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Lionsgate CEO: VOD Driving Home Entertainment

10 Feb, 2011 By: Erik Gruenwedel

Lionsgate CEO Jon Feltheimer said the studio’s revenue from transactional video-on-demand and Web-based on-demand programming, or iVOD, topped $31 million in the third quarter (ended Dec. 31), which was up 84% from the previous-year quarter.

Speaking Feb. 10 in an analyst call to discuss the Santa Monica, Calif.-based minimajor’s quarterly results, Feltheimer reiterated that overall home entertainment revenue grew 63%, due in part to strong disc sales, notably in catalog and Blu-ray Disc.

Indeed, Lionsgate executives said 40% of Blu-ray’s overall revenue growth from $1.1 billion to nearly $2 billion was due to the release of older catalog titles in the high-definition format.

Feltheimer said Lionsgate’s VOD-to-box office conversion rate is 62% higher than the industry average — a statistic he said has seen typical VOD revenue of a theatrical title increase from 5% to 10% of box office two years ago, to 15% to 25% of box office today.

“Although on-demand revenues don’t yet make up the gap from the decline in packaged media conversion, they’re heading in the right direction,” Feltheimer said.

Lionsgate's VOD revenue would appear to be at odds with industry trends, which saw less than one movie or TV program acquired per consumer via transactional VOD in the past six months of 2010, according to Santa Monica, Calif.-based research firm Interpret. It said 1.16 VOD movies and TV shows were purchased in the past three months, compared to 8.8 TV shows and 6.72 movies streamed.

Feltheimer agreed that electronic sellthrough hasn’t taken off as anticipated, adding that there is continual concern that digital growth may be creating a growing percentage of rental customers who were previously retail customers.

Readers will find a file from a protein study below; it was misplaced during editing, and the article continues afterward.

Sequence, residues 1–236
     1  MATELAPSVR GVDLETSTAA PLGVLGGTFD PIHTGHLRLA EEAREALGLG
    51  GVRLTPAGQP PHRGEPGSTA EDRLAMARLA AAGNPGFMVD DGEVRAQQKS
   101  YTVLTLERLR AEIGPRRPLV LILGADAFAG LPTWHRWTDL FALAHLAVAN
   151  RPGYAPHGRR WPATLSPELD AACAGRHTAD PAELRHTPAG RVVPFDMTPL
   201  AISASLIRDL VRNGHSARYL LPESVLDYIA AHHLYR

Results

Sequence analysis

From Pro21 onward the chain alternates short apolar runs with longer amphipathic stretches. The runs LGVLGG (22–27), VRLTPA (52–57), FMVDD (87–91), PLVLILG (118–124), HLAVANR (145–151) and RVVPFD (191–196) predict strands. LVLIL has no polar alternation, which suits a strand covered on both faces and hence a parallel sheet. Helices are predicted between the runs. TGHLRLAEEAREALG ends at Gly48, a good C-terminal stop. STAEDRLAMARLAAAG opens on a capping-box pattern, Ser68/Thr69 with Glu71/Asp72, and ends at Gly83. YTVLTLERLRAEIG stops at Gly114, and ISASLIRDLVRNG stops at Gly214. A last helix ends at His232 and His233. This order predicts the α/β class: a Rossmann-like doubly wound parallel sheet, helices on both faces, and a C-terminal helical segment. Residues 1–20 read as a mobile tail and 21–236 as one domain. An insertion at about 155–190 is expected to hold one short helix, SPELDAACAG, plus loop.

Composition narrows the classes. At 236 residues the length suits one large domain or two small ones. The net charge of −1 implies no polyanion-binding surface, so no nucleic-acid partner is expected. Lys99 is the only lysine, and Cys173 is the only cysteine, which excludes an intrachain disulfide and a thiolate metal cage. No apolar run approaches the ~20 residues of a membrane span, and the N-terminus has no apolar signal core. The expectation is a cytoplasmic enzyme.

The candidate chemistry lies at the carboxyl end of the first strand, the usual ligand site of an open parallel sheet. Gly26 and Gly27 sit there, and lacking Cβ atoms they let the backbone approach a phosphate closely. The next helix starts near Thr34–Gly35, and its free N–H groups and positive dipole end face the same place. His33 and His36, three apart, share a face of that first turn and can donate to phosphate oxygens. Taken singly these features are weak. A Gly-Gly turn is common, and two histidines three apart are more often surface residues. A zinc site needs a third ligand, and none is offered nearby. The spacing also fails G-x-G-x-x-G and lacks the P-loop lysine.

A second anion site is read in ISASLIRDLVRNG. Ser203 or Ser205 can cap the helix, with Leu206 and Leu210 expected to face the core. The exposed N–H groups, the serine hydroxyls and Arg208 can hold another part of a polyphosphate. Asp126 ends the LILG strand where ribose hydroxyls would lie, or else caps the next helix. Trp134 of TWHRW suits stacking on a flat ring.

“The fact is that the growth of Blu-ray, coupled with our on-demand conversion rate, enabled us to achieve higher operating margin in our home entertainment business for our theatrical product than we did a year ago,” Feltheimer said.

He said Lionsgate recently launched a micro-budget movie initiative that will release up to 10 films (largely comedies, urban and horror) with budgets under $2 million each.

“We will backstop all these films from our home entertainment, and international digital distribution businesses,” Feltheimer said. “If you are skeptical about movies made for a $1 million budget, let me remind of Saw, Paranormal Activities and The Blair Witch Project — two of which were Lionsgate projects.”

Strong disc and electronic sellthrough/rental of The Expendables helped Lionsgate generate $174.4 million in third-quarter home entertainment revenue from revenue of $107 million during the previous-year period.

Key home entertainment titles in the quarter included Tyler Perry’s Madea’s Big Happy Family, the theatrical titles Killers and Kick-Ass, as well as sister company Roadside Attractions’ Academy Award-nominated Winter’s Bone and the television series release “Mad Men: Season Three.”

Overall motion picture revenue for the period was $326.7 million, an increase of 30% from a year ago. Within the motion picture segment, theatrical revenue was $53.8 million, an increase of 9% from a year ago, and attributable to the box office performance of the films The Next Three Days, For Colored Girls and Saw 3D.

For the quarter, Lionsgate posted a net loss of $6 million, a significant improvement from a net loss of $65 million during the previous-year period.
Indeed, without a non-cash equity interest loss of $13.1 million ($11.1 million attributable to Lionsgate's interest in Epix) and $7.9 million in corporate defense and associated costs related to Carl Icahn’s apparent aborted attempt to wrest control of the studio, the minimajor would have turned a profit.

The studio said it would report its first positive fiscal contribution for its pay-TV channel Epix in the next quarter.


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